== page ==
20171006 Crown Gall on Grapevines: Management strategies based on current understanding of pathogen biology
From Denise Dewey on October 10th, 2017
Dr. Burr's research on grape crown gall is aimed at furthering and transferring knowledge that will assist the grape industry in managing the disease. His lab developed a very sensitive method for detecting the grape crown gall pathogen, Agrobacterium vitis, which has led to greatly elucidating its presence in association with grapes and a better understanding of its biology in vineyards. They determined that the bacterium is randomly distributed systemically in dormant grape canes and can also be detected in dormant buds as well as on surfaces of leaves and shoots during the growing season. Therefore, the pathogen can survive internally as well as externally. They were also able to determine that wild grapevines in NY as well as in CA often carry the crown gall pathogen. They are currently finishing a project to determine if “clean” vines can be produced through tissue culture propagation.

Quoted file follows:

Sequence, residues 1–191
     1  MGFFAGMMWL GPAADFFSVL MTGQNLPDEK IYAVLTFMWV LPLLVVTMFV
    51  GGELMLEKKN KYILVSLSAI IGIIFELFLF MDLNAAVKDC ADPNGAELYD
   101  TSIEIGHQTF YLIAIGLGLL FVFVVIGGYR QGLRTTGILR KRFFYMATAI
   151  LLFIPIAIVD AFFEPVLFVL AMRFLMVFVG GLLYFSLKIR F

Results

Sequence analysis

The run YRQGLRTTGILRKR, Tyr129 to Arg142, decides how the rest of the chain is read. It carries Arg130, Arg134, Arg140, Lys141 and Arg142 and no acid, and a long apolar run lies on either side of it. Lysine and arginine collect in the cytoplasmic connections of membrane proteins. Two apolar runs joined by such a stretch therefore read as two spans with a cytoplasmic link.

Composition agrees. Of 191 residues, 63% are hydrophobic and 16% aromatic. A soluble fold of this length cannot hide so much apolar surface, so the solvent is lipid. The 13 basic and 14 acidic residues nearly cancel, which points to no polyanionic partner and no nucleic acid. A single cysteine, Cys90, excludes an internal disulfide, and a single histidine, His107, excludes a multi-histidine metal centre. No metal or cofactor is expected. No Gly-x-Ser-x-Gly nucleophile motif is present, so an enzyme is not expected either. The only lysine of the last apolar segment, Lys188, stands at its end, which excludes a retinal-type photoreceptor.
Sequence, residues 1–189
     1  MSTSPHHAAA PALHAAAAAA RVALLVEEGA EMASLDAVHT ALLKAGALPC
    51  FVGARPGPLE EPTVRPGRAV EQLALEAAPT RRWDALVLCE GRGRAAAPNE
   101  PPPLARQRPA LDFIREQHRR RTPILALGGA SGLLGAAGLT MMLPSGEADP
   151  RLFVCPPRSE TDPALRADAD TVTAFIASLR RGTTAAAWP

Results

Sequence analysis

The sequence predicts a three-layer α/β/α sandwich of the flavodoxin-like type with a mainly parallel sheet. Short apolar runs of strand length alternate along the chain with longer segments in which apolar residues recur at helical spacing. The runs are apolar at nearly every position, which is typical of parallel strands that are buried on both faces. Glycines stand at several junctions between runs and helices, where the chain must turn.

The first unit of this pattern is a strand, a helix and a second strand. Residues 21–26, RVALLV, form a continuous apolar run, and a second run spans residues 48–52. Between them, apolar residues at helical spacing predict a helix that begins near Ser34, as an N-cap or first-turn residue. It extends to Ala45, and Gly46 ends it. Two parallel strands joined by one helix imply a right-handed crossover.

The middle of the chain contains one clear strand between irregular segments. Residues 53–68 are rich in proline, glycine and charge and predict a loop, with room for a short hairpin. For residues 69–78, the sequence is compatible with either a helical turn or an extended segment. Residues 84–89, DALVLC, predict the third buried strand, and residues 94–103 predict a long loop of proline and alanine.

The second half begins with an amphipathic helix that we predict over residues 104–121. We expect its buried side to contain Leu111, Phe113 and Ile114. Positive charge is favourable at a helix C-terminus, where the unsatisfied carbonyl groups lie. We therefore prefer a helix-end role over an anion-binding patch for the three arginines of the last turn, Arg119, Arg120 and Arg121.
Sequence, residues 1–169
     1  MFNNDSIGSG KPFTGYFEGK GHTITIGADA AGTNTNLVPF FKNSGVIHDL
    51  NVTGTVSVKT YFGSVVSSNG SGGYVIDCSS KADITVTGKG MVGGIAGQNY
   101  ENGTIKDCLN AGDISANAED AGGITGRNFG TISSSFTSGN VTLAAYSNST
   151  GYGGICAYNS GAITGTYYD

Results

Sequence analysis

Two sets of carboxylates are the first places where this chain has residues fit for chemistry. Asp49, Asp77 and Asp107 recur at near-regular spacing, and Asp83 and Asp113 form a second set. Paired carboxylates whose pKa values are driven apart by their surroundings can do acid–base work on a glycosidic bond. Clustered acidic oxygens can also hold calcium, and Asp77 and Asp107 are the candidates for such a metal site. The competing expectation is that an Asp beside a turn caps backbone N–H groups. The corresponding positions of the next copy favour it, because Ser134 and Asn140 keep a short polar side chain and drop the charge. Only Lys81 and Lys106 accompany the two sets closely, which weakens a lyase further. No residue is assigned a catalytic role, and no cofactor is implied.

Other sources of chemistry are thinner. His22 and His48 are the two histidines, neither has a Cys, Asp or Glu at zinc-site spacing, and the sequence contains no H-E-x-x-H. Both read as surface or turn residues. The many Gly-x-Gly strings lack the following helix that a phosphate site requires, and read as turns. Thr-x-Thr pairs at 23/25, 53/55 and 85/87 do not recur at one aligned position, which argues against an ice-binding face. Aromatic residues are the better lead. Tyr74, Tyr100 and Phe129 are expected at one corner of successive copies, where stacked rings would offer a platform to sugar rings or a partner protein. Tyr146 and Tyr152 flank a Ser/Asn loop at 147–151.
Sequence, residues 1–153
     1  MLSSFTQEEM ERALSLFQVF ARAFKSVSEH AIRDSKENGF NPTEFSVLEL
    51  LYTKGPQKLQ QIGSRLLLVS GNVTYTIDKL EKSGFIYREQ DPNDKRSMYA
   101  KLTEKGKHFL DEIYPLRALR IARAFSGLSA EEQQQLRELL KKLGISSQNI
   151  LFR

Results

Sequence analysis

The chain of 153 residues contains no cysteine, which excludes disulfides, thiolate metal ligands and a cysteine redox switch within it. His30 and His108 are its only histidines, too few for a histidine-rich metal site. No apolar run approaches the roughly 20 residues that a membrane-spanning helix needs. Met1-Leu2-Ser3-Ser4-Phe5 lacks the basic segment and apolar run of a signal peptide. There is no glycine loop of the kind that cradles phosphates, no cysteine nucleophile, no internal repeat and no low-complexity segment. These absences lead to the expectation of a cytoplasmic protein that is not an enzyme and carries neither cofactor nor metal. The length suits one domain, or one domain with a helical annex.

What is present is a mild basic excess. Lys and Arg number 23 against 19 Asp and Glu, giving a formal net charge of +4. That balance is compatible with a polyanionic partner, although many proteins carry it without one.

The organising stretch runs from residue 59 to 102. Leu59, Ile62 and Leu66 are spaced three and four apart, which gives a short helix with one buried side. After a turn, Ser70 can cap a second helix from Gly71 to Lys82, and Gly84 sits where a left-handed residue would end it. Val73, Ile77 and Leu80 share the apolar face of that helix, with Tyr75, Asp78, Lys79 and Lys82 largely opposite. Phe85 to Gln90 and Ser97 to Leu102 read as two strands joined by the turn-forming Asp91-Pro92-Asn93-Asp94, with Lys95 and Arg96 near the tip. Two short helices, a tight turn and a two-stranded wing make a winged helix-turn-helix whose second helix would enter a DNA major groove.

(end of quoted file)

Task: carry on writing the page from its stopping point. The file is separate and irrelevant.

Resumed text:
Another component of Tom's work involves the development of biological control for the disease. This has involved studying a strain of A. vitis, F2/5, that does not cause crown gall but is able to inhibit crown gall infections specifically on grape wounds. The mechanism of inhibition is still unknown however, they have determined that it is not caused by antibiosis. Pathogenic strains of A. vitis are not killed by F2/5 but are prevented from causing infection specifically on grapevines. F2/5, like other strains of A. vitis, causes necrosis of grape tissue and therefore they have worked to develop a derivative strain that does not cause grape necrosis but still is inhibitory to crown gall. Currently, they are working towards developing a commercial product utilizing this F2/5 derivative.
October 6, 2017
Dr. Thomas J. Burr, Professor, College of Agriculture and Life Sciences, Cornell University